Post: #4
RE: Grave of John Wilkes Booth
a much more practical reason for leaving a stone atop a headstone is to make it easier to find on a follow-up visit. Particularly helpful in a military cemetery will most headstones are identical.
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12-31-2017, 07:35 AM
Post: #5
RE: Grave of John Wilkes Booth
(10-28-2017 10:35 AM)L Verge Wrote:  https://www.atlasobscura.com/places/grav...lkes-booth

This site has almost the same text as what David posted, but it also includes some nice photos of the pennies on display at the grave site. On at least one occasion, I saw pennies placed in the large "O" reliefs of the name BOOTH on the main obelisk -- sort of like the pupils of huge eyes.

On my first adventure into Green Mount Cemetery, a group of us were under the tutelage of the legendary John C. Brennan, who seemed to know everything there was to know about cemeteries and the famous people who reside within. When we reached the obelisk, someone had left an empty whiskey bottle propped against it. Gently, Mr. Brennan picked it up and commented, "Well, old Junius always did have a drinking problem!"

Loved the story Laurie. Has me laughing!

Bill Nash
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01-01-2018, 06:01 PM
Post: #6
RE: Grave of John Wilkes Booth
(10-28-2017 04:43 AM)Gene C Wrote:  
(10-27-2017 07:02 PM)David Lockmiller Wrote:  In lieu of flowers or stones, people leave pennies behind on the headstone, as if to give Lincoln the final word.

Leaving stones is a new one to me.
I've seen them on rare occasions, but never understood why they were there.
http://agraveinterest.blogspot.com/2012/...raves.html

A few other sites also indicate it is more of a Jewish custom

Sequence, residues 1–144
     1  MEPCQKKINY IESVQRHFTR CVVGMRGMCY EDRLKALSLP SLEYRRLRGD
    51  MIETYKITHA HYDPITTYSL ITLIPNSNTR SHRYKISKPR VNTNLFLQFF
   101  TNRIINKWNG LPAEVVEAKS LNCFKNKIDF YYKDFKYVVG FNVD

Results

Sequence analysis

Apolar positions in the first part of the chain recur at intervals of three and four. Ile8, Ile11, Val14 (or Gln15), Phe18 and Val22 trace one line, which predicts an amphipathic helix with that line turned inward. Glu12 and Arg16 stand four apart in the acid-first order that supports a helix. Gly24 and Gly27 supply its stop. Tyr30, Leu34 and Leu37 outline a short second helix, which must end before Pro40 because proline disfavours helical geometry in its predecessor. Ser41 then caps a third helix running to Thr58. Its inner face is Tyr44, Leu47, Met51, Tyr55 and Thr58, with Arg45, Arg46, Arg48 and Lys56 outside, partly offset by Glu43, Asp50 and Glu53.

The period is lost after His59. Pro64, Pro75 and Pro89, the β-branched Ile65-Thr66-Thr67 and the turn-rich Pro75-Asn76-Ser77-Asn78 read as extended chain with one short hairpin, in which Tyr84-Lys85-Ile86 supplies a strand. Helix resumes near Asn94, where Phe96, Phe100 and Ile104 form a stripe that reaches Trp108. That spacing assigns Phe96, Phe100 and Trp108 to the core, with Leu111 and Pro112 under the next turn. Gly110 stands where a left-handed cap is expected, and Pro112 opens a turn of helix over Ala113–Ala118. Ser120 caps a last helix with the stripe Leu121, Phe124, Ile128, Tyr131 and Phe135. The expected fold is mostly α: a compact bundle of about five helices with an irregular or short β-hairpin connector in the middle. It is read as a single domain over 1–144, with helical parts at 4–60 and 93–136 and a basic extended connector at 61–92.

Jewish tradition to symbolize a visit, hence the deceased is still thought of, but Muslims are allowed to mark graves that way, too (as they aren't allowed to erect anything "structure" on graves).
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01-15-2018, 04:16 PM
Post: #7
RE: Grave of John Wilkes Booth
Visitors to the Fort Hill Cemetery (Auburn, NY) grave of the legendary former slave and Underground Railroad conductor, Harriet Tubman, leave pennies all over her headstone and on the ground. They also leave stones and seashells (an African custom.)

Kate Clifford Larson
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Yesterday, 11:37 AM
Post: #8
RE: Grave of John Wilkes Booth
(01-15-2018 04:16 PM)KLarson Wrote:  Visitors to the Fort Hill Cemetery (Auburn, NY) grave of the legendary former slave and Underground Railroad conductor, Harriet Tubman, leave pennies all over her headstone and on the ground. They also leave stones and seashells (an African custom.)

In August of 1864, Sojourner Truth and Harriet Tubman met in Boston. In his book Sojourner Truth: Slave, Prophet, Legend, author Carlton Mabee writes, "Truth tried to persuade Tubman that (Abraham) Lincoln was a real friend to blacks, but Tubman insisted he was not because he allowed black soldiers to be paid less than white soldiers."